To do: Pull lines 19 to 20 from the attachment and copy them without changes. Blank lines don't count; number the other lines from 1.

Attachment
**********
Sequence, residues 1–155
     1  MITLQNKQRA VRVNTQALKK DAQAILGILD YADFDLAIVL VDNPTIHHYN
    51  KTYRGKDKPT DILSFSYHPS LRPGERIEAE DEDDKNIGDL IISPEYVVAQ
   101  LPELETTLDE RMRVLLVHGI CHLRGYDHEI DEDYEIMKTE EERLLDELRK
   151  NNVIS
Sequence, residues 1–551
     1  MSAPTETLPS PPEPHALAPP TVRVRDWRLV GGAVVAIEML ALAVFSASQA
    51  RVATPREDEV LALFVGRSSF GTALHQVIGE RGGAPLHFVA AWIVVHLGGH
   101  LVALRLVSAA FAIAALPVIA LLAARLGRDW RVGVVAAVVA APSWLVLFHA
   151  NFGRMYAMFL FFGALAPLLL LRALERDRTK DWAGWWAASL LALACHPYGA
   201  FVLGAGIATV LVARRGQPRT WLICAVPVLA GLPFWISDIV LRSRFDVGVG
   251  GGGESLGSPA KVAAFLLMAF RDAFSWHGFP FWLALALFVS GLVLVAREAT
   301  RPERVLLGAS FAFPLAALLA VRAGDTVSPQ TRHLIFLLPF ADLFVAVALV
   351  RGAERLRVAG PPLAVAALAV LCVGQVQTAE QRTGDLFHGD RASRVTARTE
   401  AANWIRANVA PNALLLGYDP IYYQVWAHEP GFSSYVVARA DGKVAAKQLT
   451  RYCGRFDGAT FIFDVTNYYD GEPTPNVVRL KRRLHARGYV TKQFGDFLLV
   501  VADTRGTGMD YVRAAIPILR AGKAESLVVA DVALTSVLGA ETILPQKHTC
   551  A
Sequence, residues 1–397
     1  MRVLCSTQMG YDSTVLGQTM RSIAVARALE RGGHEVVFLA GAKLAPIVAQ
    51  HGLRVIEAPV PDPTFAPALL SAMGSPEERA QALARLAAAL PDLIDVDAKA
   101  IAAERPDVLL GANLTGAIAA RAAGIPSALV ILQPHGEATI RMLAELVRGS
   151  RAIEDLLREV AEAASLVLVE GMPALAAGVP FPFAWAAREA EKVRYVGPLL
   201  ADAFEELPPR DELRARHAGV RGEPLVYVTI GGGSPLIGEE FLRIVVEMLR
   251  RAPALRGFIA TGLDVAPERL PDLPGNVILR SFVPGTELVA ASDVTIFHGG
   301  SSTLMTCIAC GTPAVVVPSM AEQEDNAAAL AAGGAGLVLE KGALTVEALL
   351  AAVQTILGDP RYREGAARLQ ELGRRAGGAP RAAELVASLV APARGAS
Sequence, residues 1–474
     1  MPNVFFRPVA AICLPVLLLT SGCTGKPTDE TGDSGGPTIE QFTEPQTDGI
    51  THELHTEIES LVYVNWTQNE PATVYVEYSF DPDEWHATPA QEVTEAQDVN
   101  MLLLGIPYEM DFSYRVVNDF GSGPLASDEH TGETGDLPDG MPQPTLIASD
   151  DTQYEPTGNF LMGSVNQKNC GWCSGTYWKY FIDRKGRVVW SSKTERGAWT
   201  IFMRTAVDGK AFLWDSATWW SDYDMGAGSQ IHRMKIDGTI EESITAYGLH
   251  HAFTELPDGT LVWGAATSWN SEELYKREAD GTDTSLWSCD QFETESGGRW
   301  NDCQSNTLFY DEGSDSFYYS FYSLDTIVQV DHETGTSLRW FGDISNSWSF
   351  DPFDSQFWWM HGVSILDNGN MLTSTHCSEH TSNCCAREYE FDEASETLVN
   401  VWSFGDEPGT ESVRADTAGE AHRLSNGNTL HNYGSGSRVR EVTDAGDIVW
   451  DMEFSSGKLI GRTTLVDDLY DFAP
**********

Sequence, residues 1–397
     1  MRVLCSTQMG YDSTVLGQTM RSIAVARALE RGGHEVVFLA GAKLAPIVAQ